Newly expectant mothers often want to get started on vitamin supplements right away. Many worry that it will hurt the baby if they are too nauseated to take a vitamin, or if they didn't find out about their pregnancies until they were a few months along. But what do prenatal vitamins really accomplish? And which of their components are the most important?
Early in pregnancy, the only component of a multi- or prenatal vitamin that most mothers-to-be really need is folic acid (or folate). Women who are taking extra folic acid when they conceive lower their chances of having a baby with an incomplete spinal column (also known as a neural tube defect or spina bifida). For this protection to take effect, the folic acid has to be present in the first four weeks of fetal development, two of which happen before a woman even realizes that she is pregnant (you don't know until after you miss your first period, which usually occurs about two weeks after conception). That's why it is recommended that all women of childbearing age take either an over-the-counter vitamin containing folic acid or a plain folic acid supplement every day. This is true even if they're not planning on getting pregnant. About half of all pregnancies aren't planned, so being ready at all times is a good idea.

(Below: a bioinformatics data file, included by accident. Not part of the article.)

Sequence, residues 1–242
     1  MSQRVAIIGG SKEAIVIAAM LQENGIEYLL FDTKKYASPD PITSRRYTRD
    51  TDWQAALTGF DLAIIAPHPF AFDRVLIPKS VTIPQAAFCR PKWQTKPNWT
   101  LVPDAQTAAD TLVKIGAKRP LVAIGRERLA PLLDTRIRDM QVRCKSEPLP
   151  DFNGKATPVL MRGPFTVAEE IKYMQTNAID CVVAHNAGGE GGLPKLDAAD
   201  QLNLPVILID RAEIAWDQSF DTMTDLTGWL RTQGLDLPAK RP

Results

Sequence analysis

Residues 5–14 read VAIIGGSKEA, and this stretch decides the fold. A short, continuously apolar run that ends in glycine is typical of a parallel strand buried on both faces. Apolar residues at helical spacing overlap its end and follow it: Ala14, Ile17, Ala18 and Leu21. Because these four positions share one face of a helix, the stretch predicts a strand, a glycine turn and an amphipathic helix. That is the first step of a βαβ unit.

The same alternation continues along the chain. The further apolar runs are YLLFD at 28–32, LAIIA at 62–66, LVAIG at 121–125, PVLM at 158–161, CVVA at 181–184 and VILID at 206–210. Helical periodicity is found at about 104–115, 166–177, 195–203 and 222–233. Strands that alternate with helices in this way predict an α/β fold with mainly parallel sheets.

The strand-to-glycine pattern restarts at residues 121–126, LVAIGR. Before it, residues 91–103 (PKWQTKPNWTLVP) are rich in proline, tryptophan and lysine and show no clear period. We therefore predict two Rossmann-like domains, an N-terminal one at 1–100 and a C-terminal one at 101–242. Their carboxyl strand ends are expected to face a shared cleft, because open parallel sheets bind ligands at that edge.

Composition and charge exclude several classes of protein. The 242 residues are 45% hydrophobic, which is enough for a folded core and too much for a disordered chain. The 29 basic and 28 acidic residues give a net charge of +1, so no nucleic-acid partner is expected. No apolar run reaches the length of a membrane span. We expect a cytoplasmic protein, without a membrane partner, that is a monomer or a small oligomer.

Folic acid is added to many breads and pastas, and is naturally found in many dark green or orange fruits and vegetables. Studies have found that taking a daily supplement offers more of the protective effect than getting the same amount in the form of food. Therefore, even women who eat a healthy diet may benefit from a supplement. The protective dose of folate is found in most regular vitamins (such as One-a-Day or Centrum) or in two chewable children's vitamins. The dose may be written 0.4 mg, 400 ug, or 400 mcg.
Mothers at extra risk for having a baby with a spinal defect usually will be told to take 10 times the recommended dose of folic acid. This 4 mg dose is only recommended for women who have had family members with spina bifida or are on drugs that increase their risk, such as some epilepsy medicines. This high dose of folate has not been shown to benefit those at average risk.
Other vitamins and minerals
Babies are excellent nutrition magnets! Drawing upon their mothers' bodies, they usually help themselves to everything that they need. Therefore, for most babies, extra vitamins are a bonus, not a necessity. Most mothers, however, do benefit from extra iron and calcium, which can be started later in the pregnancy.